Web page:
The program provides these students with personal, hands-on mentorship opportunities with Southern Baptist pastors and also enables them to exercise their spiritual gifts while in seminary. Allen added that those participating in the program can earn a 50-percent scholarship.
Allen also noted The Residency Ph.D. track, which is especially geared toward those who sense a calling into Christian theological higher education. This track, for those who study in residence, will offer special classes and mentorship opportunities with faculty and guest lecturers, so they can obtain the best preparation possible to serve in Christian seminaries and colleges and prepare the next generation of pastors and ministry leaders.
Lastly, Allen praised the school’s Fusion program, which partners with the IMB in training incoming college freshmen for service in the mission field. Personally witnessing these student’s gospel efforts in difficult Middle Eastern locations, Allen noted, “This is the very best of what Southern Baptists, your seminaries, and Midwestern Seminary are all about. To be ‘for the church’ is to be ‘for the nations.'”
Following his report, Allen presented a segment entitled, “Five Years. Five Lessons,” which expressed key concepts he has learned during his nearly five-year tenure at Midwestern.
About the first lesson, “vision matters,” Allen explained that as he was preparing to arrive at Midwestern, God made it clear that his responsibility was to build a seminary dedicated to serving the local church.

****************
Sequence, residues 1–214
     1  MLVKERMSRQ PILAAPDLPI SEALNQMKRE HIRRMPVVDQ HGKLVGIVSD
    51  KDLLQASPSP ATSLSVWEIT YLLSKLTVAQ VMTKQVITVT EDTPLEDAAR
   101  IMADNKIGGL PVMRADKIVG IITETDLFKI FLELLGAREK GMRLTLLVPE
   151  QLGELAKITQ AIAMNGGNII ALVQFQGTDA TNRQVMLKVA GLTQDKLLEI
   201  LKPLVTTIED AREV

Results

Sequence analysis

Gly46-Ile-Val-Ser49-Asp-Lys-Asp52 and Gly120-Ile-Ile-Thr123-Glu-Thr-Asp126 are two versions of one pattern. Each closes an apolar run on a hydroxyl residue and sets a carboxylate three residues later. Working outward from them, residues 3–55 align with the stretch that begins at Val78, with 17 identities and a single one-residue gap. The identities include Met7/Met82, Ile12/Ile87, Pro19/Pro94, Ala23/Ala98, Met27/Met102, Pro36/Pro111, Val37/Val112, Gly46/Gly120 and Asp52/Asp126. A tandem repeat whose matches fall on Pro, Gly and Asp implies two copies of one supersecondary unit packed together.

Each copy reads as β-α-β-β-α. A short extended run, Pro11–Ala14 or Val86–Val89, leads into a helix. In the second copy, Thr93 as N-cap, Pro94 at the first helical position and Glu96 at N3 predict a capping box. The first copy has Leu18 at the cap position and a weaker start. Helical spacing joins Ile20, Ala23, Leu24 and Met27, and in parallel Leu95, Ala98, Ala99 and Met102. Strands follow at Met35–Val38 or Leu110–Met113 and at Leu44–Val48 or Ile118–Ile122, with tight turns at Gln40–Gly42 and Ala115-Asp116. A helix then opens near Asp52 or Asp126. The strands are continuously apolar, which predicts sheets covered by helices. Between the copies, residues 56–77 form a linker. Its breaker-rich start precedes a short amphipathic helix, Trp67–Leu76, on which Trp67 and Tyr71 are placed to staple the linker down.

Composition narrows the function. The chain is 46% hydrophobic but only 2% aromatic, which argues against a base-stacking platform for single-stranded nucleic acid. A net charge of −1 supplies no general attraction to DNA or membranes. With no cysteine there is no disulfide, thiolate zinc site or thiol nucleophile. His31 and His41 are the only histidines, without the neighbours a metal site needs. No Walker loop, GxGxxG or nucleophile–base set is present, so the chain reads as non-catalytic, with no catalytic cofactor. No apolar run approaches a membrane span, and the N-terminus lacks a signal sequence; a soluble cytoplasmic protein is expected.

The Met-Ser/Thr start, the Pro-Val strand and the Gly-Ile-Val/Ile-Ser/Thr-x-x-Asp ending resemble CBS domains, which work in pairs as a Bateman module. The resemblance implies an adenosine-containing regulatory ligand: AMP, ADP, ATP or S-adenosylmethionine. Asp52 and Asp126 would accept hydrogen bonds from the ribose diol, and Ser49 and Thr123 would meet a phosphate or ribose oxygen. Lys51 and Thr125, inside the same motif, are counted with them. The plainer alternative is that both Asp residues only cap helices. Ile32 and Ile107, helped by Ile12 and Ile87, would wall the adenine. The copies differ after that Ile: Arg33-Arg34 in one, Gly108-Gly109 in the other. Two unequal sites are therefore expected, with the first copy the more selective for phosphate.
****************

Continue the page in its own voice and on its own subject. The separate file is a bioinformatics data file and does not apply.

“We have been very clear and intentional to express that vision in every public forum, and to live it every day on our campus,” Allen said. “From the faculty we hire to the events we hold, all must be filtered through the idea of ‘how will this best serve the local church?'”
In another lesson, “team matters,” Allen noted that the people God calls to serve at Midwestern Seminary is profoundly important. He shared how, over his tenure, God has raised up great leaders both from within the existing faculty and staff as well as from outside the seminary.
“Team matters. Who you hire matters, and we have gone about each of our hires with the mentality that the future of the seminary depends on it,” Allen said. “God has done a special work by giving us a team that is top notch.”
Three other lessons Allen covered during his discussion included: conviction matters, culture matters and accountability matters.
To conclude the afternoon’s events, Allen honored Tom Cheyney, executive director of missions for the Greater Orlando Baptist Association (GOBA) and founder of the RENOVATE National Church Revitalization Conference, as the recipient of the seminary’s Alumnus of the Year.